Wednesday, July 06, 2016

Word Magazine # 53: Interview with James Snapp on New E-Book on the PA (John 7:53--8:11)

Image:  A fifth century pyxsis with scenes from John's Gospel, including the woman caught in adultery. 

Update (7.7.16):  A transcript of WM 53 is now posted in pdf form to (look here).

I posted to sermon audio today WM # 53 Interview: James Snapp's Book on the PA (John 7:53--8:11).  This episode features my phone interview with James Snapp on the PA.  Sound quality is choppy at times.  Thanks for your patience in listening.

Snapp's book recently got  a shout out on the Evangelical Text Criticism blog (see here), where he makes regular comments.

Snapp is pastor of Curtisville Christian Church in Elwood, Indiana. Though we have some obviously significant theological and ecclesiological differences, we do share some common interests in defending traditional NT texts like the ending of Mark and the PA. As Snapp describes it, text criticism is a work-related hobby that has turned into an obsession for him. He regularly posts articles on text criticism on his blog, "The Text of the Gospels," and elsewhere.

In this episode we discuss Snapp's new e-book:  A Fresh Analysis of John 7:53-8:11:  With a Tour of the External Evidence.

We discuss, in particular, sections of his book related to the external evidence for the PA, the internal evidence for the PA, and the notion of the PA as a "floating tradition."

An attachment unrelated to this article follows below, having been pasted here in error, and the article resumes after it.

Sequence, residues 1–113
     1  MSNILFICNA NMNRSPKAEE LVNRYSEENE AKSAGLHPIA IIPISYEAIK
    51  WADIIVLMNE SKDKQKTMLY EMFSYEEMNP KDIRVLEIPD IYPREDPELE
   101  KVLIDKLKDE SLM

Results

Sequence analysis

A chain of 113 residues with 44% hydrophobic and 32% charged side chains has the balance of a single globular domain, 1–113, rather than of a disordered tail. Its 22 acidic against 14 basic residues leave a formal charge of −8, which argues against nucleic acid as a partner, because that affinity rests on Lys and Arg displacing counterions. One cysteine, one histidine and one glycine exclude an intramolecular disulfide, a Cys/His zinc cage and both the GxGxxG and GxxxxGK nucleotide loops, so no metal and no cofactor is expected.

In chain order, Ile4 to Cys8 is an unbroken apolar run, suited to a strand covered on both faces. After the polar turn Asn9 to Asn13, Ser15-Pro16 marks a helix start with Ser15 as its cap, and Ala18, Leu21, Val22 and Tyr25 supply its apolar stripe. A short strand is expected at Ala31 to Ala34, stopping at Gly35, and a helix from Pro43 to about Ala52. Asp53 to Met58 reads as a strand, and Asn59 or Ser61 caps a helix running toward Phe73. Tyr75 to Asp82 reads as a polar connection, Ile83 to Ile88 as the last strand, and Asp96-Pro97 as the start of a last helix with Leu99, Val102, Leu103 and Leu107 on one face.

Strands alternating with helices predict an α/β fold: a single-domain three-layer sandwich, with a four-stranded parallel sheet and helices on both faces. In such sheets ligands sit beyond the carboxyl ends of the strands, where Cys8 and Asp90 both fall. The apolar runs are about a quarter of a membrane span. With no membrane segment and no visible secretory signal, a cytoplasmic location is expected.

Though Snapp holds to what he calls "Equitable Eclecticism," which leads him essentially to a Byzantine Text position as the best "reconstructed" text, he has common ground with confessional text advocates in defending the authenticity of passages like the PA.  As Snapp put it at the end of the episode, he's rather set sail on a ship with a few barnacles (the TR, in his view) than one filled with holes (the modern critical text).



A. J. MacDonald, Jr said...

The text, like the canon, should be considered closed at some point. It makes sense to consider the text as having been closed at the same time the canon was considered to have been closed.

Jeffrey T. Riddle said...

I agree AJ. This is one of the problems with the reconstructionist position (whether modern critical text or Majority Text). It is left with an essentially open canon.